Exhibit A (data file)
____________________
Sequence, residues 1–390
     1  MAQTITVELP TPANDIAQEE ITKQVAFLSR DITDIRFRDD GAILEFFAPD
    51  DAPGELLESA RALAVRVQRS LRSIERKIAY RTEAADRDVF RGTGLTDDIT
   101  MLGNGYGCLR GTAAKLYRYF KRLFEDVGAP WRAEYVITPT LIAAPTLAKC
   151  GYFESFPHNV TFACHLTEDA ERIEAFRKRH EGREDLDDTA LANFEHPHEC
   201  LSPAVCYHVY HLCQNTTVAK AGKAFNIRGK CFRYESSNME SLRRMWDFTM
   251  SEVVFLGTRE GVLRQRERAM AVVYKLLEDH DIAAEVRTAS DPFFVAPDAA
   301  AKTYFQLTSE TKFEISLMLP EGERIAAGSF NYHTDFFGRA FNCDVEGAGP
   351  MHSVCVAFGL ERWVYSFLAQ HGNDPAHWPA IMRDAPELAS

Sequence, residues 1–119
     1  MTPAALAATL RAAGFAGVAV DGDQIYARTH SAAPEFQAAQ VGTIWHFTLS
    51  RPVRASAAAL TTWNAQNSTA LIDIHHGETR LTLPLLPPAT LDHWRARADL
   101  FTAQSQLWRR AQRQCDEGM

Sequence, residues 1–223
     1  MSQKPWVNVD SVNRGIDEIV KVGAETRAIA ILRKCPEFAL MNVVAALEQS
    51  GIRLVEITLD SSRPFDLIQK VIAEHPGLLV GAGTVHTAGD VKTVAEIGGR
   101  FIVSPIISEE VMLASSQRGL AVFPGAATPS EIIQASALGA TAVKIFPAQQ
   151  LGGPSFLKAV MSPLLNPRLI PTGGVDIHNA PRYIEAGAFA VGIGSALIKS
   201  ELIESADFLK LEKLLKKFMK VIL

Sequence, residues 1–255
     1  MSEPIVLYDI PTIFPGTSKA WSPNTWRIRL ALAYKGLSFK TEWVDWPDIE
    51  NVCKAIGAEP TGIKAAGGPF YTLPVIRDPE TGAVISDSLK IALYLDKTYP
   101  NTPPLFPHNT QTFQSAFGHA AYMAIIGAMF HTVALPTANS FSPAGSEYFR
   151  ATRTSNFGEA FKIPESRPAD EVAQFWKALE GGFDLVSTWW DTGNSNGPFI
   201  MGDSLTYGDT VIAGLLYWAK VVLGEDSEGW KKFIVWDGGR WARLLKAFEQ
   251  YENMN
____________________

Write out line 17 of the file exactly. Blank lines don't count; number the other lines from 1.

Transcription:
   101  FIVSPIISEE VMLASSQRGL AVFPGAATPS EIIQASALGA TAVKIFPAQQ